Asian-Pacific equities are for the most part stronger this morning, led by a 2.53% gain in the Australian ASX 200, although the Nikkei and Kospi are bucking the trend and pre-market major western equity index futures are mixed.
- Markets might be buoyant and the global economy might be starting to recover, but it is still massively damaged.
- The World Bank expects global economic output to contract by 5.2% in 2020, and warns its forecast could be revised lower if uncertainty and shutdowns persist.
Three-month base metals prices on the London Metal Exchange were mixed this morning; nickel, lead, zinc and aluminium were little changed, while copper and tin were up by 0.5% and 0.8% respectively, with the former recently quoted at $5,743.50 per tonne.
The most-traded base metals contracts on the Shanghai Futures Exchange were up across the board this morning by an average of 0.9%, led by a 1.5% gain in July copper to 46,390 yuan ($6,555) per tonne. The July lead and zinc contracts were the laggards with gains of 0.3% and 0.4% respectively.
The precious metals were off by an average of 0.4% this morning, with gold down the least with a 0.1% decline - it was recently quoted at $1,696.11 per oz. The rest of the precious metals were down by an average of 0.6%. Generally, the more industrial precious metals have held up better than gold in recent weeks, as seen by the gold/silver ratio falling to 1:96, from highs in March of around 1:124.
The yield on benchmark US 10-year treasuries has eased and was recently quoted at 0.85%, this after 0.9% at a similar time on Monday morning.
Asian-Pacific equities were mixed this morning: the ASX 200 (+2.54%), the Hang Seng (+1.59%) and China’s CSI 300 (+0.66%), while the Kospi (-0.13%) and the Nikkei (-0.46%) were weaker.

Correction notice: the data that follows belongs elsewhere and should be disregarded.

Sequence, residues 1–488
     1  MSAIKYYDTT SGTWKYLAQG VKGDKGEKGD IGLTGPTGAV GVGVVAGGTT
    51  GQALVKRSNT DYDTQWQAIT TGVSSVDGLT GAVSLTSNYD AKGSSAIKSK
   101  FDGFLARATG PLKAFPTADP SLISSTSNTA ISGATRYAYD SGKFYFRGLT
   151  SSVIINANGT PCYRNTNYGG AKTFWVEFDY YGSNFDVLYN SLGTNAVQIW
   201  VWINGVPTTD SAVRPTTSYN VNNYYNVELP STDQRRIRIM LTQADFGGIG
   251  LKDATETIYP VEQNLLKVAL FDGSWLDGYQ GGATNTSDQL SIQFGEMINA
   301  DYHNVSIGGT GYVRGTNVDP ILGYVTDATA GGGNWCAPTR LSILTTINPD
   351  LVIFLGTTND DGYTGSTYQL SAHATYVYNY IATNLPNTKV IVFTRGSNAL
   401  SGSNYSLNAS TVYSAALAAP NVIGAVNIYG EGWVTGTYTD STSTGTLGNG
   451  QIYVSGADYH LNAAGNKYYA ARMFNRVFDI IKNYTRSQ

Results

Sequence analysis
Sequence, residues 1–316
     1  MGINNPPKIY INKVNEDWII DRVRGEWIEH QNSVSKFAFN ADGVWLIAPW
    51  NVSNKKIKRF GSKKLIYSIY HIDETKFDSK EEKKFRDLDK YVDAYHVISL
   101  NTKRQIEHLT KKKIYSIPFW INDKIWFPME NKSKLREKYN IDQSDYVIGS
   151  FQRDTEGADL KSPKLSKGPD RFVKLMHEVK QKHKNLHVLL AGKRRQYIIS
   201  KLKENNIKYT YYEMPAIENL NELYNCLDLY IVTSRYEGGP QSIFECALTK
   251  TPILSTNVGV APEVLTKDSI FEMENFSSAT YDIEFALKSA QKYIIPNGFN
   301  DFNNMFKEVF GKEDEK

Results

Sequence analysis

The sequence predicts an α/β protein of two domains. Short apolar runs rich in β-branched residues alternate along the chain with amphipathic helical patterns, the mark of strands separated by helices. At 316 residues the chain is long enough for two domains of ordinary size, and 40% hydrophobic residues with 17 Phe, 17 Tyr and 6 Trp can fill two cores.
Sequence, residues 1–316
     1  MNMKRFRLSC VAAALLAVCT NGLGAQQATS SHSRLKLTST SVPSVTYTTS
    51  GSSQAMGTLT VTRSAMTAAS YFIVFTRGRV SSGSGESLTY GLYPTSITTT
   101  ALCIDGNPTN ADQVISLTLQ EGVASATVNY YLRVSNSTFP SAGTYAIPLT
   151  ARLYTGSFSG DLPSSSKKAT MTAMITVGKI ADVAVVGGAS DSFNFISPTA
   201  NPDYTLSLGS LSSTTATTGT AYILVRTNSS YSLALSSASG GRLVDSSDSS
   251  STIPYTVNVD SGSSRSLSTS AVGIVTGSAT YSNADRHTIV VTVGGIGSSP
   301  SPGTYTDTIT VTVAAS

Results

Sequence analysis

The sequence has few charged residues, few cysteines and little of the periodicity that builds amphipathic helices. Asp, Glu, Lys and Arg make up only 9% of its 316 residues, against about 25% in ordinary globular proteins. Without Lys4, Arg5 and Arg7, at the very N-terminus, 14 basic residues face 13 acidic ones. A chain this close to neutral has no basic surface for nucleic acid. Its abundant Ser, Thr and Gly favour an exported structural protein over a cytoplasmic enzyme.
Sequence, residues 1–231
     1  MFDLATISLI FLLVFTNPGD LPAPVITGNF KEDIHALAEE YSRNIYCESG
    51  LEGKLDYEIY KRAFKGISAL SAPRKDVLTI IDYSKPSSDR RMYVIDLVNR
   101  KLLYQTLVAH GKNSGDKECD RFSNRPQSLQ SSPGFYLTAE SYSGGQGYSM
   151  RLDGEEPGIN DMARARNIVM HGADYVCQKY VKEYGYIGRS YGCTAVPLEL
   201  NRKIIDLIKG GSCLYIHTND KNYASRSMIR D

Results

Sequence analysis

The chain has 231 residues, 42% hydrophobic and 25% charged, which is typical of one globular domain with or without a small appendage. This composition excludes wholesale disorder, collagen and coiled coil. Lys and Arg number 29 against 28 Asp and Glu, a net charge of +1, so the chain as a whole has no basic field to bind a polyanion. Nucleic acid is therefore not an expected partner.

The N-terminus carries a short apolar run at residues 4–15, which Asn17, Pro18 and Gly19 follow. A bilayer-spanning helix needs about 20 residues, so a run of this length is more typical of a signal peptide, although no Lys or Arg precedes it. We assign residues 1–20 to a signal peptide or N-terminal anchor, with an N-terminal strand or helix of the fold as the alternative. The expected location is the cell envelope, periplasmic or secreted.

The US dollar index is holding in low ground and was recently quoted at 96.65, this after a low of 96.44 on Friday.
While the dollar consolidates, most of the other major currencies we follow have also started to consolidate recent strength, although they are managing to hold up in high ground: the euro (1.1295), the Australian dollar (0.6998) and sterling (1.2714), although the yen (107.98) is also starting to strengthen again after last week’s show of weakness.
The Chinese yuan (7.0734) is strengthening, it was at 7.0773 at a similar time on Monday and is recovering from recent weakness - it set a low at 7.1770 in late-May. The stronger yuan suggests some easing in United States-China tension.
Tuesday’s economic agenda is quite busy - see table below. The key data is likely to be the European Union’s employment change and revised gross domestic product numbers, while US wholesale inventories and job openings are also likely to be closely watched.
In addition, UK Monetary Policy Committee member Sir Jon Cunliffe is speaking.
Today’s key themes and views
The rebounds in the base metals prices are for the most part looking strong and much of that is put down to high hopes for better demand from infrastructure projects, combined with light restocking while manufacturers reopen, but investors also seem to be soaking up asset classes that are still recovering.
Overall, we expect the promised spending on infrastructure to boost demand for the metals but it will take time to feed through to actual orders and will likely be somewhat countered by a global recession that means demand is likely to be down year on year. So the demand side of the equation may be slow to recover. But we fear there is increased risk that there will be more supply disruptions in the months ahead while economies ease Covid-19 restrictions before they have the virus under control.
Gold prices have rolled over to the downside for now because the run-up in equities and bond yields are increasing the opportunity cost of holding gold. But given that the rebound in equities may have run ahead of itself and there is still a lot of uncertainty as to how we recover from this pandemic, it seems likely that investors will want to continue to hold higher levels of gold in their portfolios. As such, we expect dips will be well supported.